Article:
The study was completed in May 2007,[12] with the Quad TiltRotor selected for further development. However, additional armor on Future Combat Systems manned ground vehicles caused their weight to increase from 20 tons to 27 tons, requiring a larger aircraft.[13] In mid-2008, the U.S. Army continued the Joint Heavy Lift (JHL) studies with new contracts to the Bell-Boeing and Karem Aircraft/Lockheed Martin teams. The teams were to modify their designs to reach new JHL specifications. JHL became part of the new US Air Force/Army Joint Future Theater Lift (JFTL) program in 2008.[14] In mid-2010, the US DoD was formulating a vertical lift aircraft plan with JFTL as a part.[15] The DoD also requested information from the aerospace industry on technologies for JFTL in October 2010.[16][17][needs update]


The conceptual design featured a large tandem wing aircraft with V-22 type engines and 50-foot (15 m) rotors at each of the four wing tips. The C-130-size fuselage would have a 747-inch (19.0 m) cargo bay with a rear loading ramp that could carry 110 paratroopers or 150 standard-seating passengers. In cargo configuration, it would accommodate eight 463L pallets. This baseline version includes a fully retractable refueling probe and an interconnecting drive system for power redundancy.[9]

In addition, the Bell-Boeing team included eight possible variants, or "excursion designs", including a sea-based variant. The design team planned on payloads ranging from 16 to 26 tons and a range of 420 to 1,000 nautical miles (780 to 1,850 km).[9] One of the design excursions explored, dubbed the "Big Boy", would have 55-foot (17 m) rotors and an 815-inch (20.7 m) cargo bay, making it able to carry one additional 463L pallet and accommodate a Stryker armored combat vehicle.[9]

See also

Related development

Aircraft of comparable role, configuration, and era

Related lists


  1. ^ a b c d "Diversity in Design: Boeing offers 2 of 5 development options in rotorcraft program". Boeing Frontiers magazine, January 2007.
  2. ^ a b c Norton 2004, p. 86.
  3. ^ Hirschberg, Mike. "On the Vertical Horizon: Bell Designs Are Accelerating at Full Tilt". vtol.org.
  4. ^ V-44: Pentagon's Next Air Transport Archived May 2, 2006, at the Wayback Machine. Popular Mechanics, September 2000.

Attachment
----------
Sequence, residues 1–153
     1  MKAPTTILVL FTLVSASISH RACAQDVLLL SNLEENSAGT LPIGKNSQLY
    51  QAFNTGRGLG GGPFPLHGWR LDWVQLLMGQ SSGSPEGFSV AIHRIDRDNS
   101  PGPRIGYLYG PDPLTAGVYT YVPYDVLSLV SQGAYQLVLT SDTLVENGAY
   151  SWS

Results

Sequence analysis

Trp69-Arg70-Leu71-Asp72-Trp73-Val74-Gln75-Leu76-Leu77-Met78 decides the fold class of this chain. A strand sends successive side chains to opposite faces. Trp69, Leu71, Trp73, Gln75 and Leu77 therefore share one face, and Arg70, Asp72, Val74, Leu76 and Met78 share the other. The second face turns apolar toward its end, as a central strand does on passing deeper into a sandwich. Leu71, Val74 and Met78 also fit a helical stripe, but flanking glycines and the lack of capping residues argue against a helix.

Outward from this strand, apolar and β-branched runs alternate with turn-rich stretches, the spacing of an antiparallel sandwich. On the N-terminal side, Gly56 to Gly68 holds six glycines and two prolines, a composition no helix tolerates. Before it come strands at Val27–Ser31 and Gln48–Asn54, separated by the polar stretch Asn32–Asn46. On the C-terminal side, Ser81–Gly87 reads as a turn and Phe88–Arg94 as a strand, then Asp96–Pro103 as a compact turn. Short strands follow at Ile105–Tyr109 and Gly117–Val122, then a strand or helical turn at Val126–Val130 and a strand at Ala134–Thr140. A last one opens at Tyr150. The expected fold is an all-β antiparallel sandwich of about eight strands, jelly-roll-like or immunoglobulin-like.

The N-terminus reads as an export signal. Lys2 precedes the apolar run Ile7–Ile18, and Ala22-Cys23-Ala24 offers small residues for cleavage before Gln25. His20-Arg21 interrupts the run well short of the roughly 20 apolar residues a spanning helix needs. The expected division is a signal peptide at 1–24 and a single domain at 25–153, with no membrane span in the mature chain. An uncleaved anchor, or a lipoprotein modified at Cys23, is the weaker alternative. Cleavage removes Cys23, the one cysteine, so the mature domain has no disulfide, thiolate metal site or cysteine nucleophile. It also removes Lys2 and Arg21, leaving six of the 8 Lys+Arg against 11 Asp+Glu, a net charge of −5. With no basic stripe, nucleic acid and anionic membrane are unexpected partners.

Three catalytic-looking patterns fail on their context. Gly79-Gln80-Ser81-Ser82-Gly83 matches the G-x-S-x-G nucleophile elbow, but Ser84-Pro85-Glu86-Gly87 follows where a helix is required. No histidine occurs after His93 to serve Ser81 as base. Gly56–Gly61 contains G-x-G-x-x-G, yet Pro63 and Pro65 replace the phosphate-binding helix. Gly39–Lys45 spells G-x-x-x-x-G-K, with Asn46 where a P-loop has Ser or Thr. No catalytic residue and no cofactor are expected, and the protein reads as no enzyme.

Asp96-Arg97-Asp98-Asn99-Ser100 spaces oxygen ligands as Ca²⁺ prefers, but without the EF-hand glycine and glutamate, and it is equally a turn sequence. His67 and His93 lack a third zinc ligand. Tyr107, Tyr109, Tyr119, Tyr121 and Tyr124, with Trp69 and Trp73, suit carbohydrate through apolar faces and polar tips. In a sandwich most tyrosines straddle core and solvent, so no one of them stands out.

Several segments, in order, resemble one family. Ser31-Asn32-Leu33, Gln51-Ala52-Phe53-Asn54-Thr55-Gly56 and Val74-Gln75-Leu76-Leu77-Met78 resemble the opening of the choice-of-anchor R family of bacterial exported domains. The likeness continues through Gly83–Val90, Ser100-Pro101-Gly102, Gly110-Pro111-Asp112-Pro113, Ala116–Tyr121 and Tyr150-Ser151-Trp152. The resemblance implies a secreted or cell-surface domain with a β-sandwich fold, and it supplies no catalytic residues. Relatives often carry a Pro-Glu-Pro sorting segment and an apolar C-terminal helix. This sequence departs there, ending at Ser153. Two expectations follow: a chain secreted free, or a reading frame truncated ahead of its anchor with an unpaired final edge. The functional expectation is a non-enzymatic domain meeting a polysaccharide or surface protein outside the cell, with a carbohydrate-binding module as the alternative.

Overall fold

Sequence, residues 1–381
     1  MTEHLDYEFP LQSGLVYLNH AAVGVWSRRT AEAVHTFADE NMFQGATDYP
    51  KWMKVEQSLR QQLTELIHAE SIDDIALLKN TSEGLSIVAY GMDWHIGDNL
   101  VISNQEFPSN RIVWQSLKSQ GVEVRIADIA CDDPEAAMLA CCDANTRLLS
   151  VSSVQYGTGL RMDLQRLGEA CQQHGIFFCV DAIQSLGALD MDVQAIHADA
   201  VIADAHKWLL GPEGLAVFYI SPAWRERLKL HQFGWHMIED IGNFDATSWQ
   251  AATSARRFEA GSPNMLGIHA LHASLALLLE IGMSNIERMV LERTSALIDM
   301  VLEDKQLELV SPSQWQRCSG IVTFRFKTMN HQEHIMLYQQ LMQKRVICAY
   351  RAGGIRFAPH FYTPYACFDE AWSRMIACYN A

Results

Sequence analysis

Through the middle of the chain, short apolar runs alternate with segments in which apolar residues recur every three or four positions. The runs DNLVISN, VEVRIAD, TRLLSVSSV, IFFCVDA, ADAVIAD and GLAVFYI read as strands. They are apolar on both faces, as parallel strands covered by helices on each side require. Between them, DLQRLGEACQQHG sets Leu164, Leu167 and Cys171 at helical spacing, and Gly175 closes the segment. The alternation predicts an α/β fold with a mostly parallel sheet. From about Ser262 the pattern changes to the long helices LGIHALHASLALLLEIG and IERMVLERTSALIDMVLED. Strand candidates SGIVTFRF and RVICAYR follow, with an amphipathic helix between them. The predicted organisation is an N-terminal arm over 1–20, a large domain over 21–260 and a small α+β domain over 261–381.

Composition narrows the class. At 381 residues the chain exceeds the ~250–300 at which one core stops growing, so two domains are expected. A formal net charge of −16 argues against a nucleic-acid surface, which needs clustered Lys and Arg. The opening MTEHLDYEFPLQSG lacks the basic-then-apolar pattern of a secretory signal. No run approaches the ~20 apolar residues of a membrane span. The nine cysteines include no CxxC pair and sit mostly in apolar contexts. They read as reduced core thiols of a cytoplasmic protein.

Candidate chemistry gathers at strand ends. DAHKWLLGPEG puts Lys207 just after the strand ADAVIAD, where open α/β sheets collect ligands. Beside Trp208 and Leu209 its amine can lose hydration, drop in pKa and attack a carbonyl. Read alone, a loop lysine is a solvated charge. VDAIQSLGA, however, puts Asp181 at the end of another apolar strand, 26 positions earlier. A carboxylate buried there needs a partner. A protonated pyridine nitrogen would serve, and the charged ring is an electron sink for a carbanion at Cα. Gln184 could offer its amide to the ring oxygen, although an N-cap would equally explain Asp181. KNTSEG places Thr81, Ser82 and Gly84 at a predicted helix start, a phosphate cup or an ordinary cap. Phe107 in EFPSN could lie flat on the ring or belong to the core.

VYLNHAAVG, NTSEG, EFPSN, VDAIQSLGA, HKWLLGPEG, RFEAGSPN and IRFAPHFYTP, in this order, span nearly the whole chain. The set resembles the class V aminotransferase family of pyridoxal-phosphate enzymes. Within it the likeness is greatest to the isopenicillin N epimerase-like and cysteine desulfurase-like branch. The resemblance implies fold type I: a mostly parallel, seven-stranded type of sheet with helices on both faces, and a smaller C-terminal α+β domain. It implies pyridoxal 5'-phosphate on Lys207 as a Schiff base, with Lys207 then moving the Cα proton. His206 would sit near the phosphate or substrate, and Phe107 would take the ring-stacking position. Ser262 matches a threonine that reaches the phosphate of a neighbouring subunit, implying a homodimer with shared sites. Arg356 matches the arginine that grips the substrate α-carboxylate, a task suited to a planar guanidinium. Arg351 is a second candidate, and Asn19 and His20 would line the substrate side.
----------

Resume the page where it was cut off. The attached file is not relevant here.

5. ^ Radhakrishnan, Anand and Fredric Schmitz. "An Experimental Investigation of Ground Effect on a Quad Tilt Rotor in Hover and Low Speed Forward Flight". University of Maryland, 2006.
  6. ^ Gupta, Vinit. "Quad Tilt Rotor Simulations in Helicopter Mode using Computational Fluid Dynamics". University of Maryland, 2005.
  7. ^ "Boeing receives two study contracts from U.S. Army for Joint Heavy Lift" Archived February 3, 2007, at the Wayback Machine. Boeing, 23 September 2005.
  8. ^ "Bell-Boeing's QTR selected for Heavy Lift study" Archived 2006-08-30 at the Wayback Machine. Boeing, 22 September 2005.
  9. ^ a b c d e f Fein, Geoff. "Bell-Boeing Quadtiltrotor completes first wind tunnel testing". Defense Daily, 13 October 2006.
  10. ^ "Wind Tunnel testing completed on Bell Boeing quad tiltrotor". Helis.com, September 13, 2006.
  11. ^ "Wind Tunnel testing completed on Bell Boeing quad tiltrotor" Archived January 31, 2007, at the Wayback Machine. Rotorbreeze, p. 14, October 2006.
  12. ^ "Heavy duty: US Army backs tiltrotor as future battlefield airlifter". Flight International, 14 January 2008.
  13. ^ Osborn, Kris. "USAF, Army Merge Heavy-Lift Efforts"[dead link]. Defensenews.com, 14 April 2008.
  14. ^ Warwick, Graham. "U.S. Army Extends JHL Concept Studies" Archived 2011-08-12 at the Wayback Machine. Aviation Week, 1 July 2008.
  15. ^ Brannen, Kate. "Pentagon Sheds Some Light on JFTL Effort". Defense News, 15 July 2010.
  16. ^ Joint Future Theatre Lift (JFTL) Technology Study (JTS) Capability Request for Information (CRFI). USAF via fbo.gov, 20 October 2010.
  17. ^ "Joint Future Theater Lift (JFTL) Technology Study (JTS)". US Air Force, 20 October 2010.